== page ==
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This eBook from the Gutenberg Project consists of approximately 176 pages of information about Elements of Civil Government.

1.  Who is chief justice of the United States, and of what State is he a citizen?

2.  Why should a judge hold his position during a long term of years?

3.  This State is a part of what United States circuit?

4.  What justice represents this circuit in the supreme court?

5.  Who is judge of the United States district court of this district?

6.  Why can no person bring suit against the United States except by special act of Congress?

QUESTION FOR DEBATE.

Resolved, That the jury system should be abolished.

PART II.

CHAPTER XV.

GOVERNMENT.

Government is defined as rule or control.  It is that which governs, and also the act of governing.  In its political sense, it means the supreme authority of a State or other political community, or the act by which this authority is applied.  It is sometimes said to be a system of institutions for the restraint of people living in the social state or social condition.

The word govern is derived from a Latin word which first meant to steer the ship, and then very naturally came to mean to guide, to direct, to command.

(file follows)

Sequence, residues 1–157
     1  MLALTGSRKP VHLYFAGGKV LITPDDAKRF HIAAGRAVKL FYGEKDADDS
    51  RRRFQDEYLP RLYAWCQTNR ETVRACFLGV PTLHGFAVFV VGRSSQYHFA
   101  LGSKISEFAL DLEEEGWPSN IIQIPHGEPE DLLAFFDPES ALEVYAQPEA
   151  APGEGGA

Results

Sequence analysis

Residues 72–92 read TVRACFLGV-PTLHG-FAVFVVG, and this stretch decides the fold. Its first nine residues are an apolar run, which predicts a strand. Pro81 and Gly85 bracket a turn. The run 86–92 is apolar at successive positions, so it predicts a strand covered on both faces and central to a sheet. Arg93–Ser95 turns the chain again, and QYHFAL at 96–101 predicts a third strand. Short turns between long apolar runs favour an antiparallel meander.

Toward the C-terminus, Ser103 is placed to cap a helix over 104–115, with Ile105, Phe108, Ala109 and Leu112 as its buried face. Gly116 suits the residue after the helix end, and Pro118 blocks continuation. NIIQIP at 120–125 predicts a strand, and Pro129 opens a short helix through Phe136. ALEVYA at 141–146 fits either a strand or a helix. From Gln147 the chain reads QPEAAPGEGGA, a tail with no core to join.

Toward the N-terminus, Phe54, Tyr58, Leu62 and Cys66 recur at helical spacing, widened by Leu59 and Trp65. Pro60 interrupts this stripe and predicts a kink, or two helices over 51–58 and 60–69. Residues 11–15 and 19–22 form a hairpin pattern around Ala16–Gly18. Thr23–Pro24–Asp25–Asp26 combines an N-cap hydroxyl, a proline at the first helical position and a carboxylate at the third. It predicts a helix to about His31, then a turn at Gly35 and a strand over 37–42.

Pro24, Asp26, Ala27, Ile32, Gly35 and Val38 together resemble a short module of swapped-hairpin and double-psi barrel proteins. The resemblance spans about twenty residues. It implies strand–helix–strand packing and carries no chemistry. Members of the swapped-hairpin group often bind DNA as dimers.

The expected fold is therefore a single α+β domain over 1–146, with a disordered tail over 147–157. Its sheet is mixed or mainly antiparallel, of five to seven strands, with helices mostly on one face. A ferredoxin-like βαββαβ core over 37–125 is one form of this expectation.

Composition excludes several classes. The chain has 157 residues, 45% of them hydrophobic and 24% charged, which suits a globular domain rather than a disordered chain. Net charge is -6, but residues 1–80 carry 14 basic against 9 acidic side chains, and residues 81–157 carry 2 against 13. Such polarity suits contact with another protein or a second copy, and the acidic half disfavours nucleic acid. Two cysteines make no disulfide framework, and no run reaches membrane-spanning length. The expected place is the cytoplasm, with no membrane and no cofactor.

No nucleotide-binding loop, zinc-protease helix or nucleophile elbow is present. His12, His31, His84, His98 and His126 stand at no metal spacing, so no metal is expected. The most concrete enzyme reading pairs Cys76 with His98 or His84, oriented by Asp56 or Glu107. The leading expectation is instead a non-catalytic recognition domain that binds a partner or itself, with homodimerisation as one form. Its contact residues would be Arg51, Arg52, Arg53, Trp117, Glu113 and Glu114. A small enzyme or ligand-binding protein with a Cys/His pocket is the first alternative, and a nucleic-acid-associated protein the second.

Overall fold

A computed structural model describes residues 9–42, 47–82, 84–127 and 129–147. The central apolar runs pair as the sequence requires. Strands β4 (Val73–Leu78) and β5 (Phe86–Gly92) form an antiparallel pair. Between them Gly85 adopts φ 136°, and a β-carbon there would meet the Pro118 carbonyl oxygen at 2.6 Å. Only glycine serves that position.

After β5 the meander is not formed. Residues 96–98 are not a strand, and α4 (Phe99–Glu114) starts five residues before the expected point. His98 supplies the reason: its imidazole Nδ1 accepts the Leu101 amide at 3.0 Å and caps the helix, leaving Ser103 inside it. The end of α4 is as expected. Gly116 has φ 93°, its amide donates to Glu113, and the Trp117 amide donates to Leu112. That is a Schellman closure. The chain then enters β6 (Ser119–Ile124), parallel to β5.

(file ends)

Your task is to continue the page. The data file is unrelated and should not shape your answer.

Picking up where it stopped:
“The comparison of governing with steering is a very happy one,” for the interest of him who steers is the same as that of the people in the ship:  “all must float or sink together.”  So the interest of those that govern, of those that guide “the ship of state,” as we often express it, is the same as that of the people.[1]

ORIGIN AND NECESSITY.—­The origin of government is unknown; its beginning can not be traced.  People everywhere, in all the varying degrees of civilization, recognize the necessity of a supreme authority, to whom all owe and render obedience.

Men can not long live in the same vicinity without some kind of political organization.  Without some sort of government—­that is, some supreme power to settle disputes—­the people would be in continual warfare; there could be no security to person or property; each individual could look to himself alone for safety; “his hand would be against every man, and every man’s hand against him.”

Wherever men are found they live under some form of government, however rude and imperfect.  In all parts and in all ages of the world they have seen the necessity of some power to protect the weak and restrain the strong, and have therefore set up a supreme authority for the common welfare.

A body of people living under government is called society, and the agreement existing between them, for their common welfare, is called the social compact.

Men are so constituted that society is necessary to their happiness.  Therefore they seek the social state and join the social compact, thus agreeing to be governed by law and order.

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